Social Security

Growing Up Poor revealed a desperate reality but there is a way to put an end to deprivation, writes Jenna Norman, public affairs officer at the Women’s Budget Group.
The fact that a majority of people in poverty live in working households is a scandal, and one that Labour, the party of
Sure, not everyone would be happy about paying an NHS tax, but it would quickly flush out how much of a priority the NHS is
The five things you need to know about politics today.
The progressive activists, ignited by the Democratic Senate win in Alabama, trained their efforts on Republican swing votes.
One of my proudest moments is when I was 17-years-old and became the first teenager in the world to achieve 1m App Store downloads with my facial recognition app, Face Rate. The app eventually went on to get nearly 7m downloads in total before I licensed the software to News Corp and got offered the position of Head of Digital Product Innovation, but that story's for another time.
The latest 'trendy' Tory, Jacob Rees-Mogg, has described food banks as "rather uplifting" saying that the public's voluntary support "shows what a compassionate country we are". The Tory MP who represents North East Somerset spoke to LBC where he attributed the rise in the use of food banks to people "knowing that they are there" before claiming the previous Labour government had failed to inform people of their existence.
Britain has already been accused of 'grave and systemic violations' of their rights.
Disabled people’s ability to live independent lives has been eroded by years of cuts to social care and payments, a leading
Unlike the other parties the Conservative manifesto contains no proposals for changes to working age benefits or tax credits. Universal credit will continue to be rolled out on current plans. There are no plans to reverse any of the changes to benefits that have had, or will have, a particular impact on women.
It's a sad legacy.
Such an atmosphere serves to dehumanise mentally ill people and enables those who seek to attack them, either directly or by removing the support mechanisms and protective legislation secured by a century of disability activism.
Having spent time volunteering with Hamilton Trussell Trust Foodbank, I have seen the effects of benefit sanctions on women bringing up young families. Suddenly having no money means such simple things as a weekly shop for basic essentials becomes impossible.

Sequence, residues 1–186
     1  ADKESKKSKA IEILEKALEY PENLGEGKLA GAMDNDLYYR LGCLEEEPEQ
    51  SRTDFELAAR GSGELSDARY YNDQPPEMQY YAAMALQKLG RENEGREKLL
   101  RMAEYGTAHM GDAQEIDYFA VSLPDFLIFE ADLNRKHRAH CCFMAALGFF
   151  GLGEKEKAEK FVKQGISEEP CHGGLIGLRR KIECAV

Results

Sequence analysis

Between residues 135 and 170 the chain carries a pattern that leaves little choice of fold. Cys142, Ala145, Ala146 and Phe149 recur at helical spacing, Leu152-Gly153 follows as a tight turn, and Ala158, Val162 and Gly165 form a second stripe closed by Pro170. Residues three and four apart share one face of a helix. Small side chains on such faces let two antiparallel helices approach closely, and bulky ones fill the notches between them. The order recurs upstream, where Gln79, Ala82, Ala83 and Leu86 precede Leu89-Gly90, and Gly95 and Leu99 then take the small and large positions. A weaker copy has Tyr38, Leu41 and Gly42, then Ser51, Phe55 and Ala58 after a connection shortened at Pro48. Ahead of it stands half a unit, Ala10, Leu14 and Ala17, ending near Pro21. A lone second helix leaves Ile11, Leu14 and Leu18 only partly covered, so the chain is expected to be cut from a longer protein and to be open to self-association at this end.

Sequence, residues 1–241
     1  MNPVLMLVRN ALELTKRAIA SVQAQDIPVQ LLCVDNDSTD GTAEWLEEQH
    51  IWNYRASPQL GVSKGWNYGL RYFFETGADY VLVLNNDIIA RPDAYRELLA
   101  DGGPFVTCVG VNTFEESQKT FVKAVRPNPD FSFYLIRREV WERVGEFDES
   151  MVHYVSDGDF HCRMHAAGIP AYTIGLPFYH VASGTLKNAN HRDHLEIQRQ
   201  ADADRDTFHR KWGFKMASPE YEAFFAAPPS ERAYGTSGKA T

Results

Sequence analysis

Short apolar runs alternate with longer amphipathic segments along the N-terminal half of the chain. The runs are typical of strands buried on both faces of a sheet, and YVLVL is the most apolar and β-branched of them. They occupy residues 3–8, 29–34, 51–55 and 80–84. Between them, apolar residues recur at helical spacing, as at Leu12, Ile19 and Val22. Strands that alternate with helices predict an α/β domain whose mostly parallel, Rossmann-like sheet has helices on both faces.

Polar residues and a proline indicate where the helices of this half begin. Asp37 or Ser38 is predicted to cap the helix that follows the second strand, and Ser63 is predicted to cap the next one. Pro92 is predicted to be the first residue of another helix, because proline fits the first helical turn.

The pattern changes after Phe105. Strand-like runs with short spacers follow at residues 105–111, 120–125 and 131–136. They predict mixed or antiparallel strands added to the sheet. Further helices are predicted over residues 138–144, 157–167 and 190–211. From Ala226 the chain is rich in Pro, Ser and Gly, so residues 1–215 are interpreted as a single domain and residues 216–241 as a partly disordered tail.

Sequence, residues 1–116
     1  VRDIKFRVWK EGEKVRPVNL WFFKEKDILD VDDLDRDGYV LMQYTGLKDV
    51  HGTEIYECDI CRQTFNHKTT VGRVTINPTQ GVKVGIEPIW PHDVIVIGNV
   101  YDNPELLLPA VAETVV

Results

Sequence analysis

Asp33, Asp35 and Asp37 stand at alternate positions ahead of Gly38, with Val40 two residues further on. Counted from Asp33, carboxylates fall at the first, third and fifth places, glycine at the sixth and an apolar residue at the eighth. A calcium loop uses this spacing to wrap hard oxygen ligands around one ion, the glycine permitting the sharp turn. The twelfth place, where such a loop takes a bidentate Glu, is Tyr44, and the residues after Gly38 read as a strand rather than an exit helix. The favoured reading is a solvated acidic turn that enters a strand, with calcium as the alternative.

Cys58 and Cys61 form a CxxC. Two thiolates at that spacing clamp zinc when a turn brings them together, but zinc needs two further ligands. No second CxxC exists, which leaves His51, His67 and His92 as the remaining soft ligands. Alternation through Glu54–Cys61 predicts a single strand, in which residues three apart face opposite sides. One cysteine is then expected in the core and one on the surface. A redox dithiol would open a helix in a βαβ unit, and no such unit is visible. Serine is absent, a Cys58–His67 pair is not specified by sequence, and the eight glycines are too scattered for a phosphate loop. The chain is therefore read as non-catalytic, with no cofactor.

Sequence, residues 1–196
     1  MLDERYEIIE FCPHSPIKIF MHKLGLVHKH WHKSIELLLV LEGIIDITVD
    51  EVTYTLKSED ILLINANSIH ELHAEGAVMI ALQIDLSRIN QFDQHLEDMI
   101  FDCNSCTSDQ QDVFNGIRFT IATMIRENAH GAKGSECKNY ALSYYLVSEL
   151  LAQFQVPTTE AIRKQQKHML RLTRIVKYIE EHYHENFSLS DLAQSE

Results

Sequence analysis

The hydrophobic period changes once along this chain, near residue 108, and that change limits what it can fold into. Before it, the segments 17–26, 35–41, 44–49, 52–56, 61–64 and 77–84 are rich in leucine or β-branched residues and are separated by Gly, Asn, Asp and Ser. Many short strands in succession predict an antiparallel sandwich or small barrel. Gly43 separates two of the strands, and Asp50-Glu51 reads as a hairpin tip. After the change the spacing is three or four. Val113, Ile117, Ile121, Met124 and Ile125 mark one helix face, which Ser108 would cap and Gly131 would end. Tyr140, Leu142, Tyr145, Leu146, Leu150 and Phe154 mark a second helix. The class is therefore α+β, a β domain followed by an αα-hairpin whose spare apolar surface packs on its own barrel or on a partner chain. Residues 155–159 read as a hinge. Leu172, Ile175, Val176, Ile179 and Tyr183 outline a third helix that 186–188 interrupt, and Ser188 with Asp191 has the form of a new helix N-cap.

I'd begun to distend the very things that made up me. The success of my attempt to traverse the social strata so neatly laid out at Oxford was not dependent on how clever I thought I was but by whether others saw me as one of them. I'd become socially immobile...
In the last month my team and I have referred about the same number of people to the foodbank for assistance as we did in the ten months before that... The sheer scale of the operation these days is both astonishing and impressive. The fact that it has to be so big, though, underlines that something is fundamentally wrong with the way Britain operates at the moment.
The number of people with mental health problems being given benefit sanctions is rising rapidly, according to figures reported in The Independent this week. In the same week, a call on the Government to review the impact of sanctions on people with mental health problems was refused, despite growing anecdotal evidence of the risks they can pose.
The Conservative Party conference reached its own squeezed middle yesterday, as Iain Duncan Smith was hidden away in the Tuesday graveyard shift with his unfounded boasts of 'compassion' and 'tolerance'.
Seasoned Duncan Smith-watchers are still left floundering as to why he is in his sixth year in the same cabinet job, and yet there he is. Labour must feel they can make serious headway against him on the new benefit cap when the arguments are so half-hearted, and Duncan Smith is doing his best to encourage them in this belief.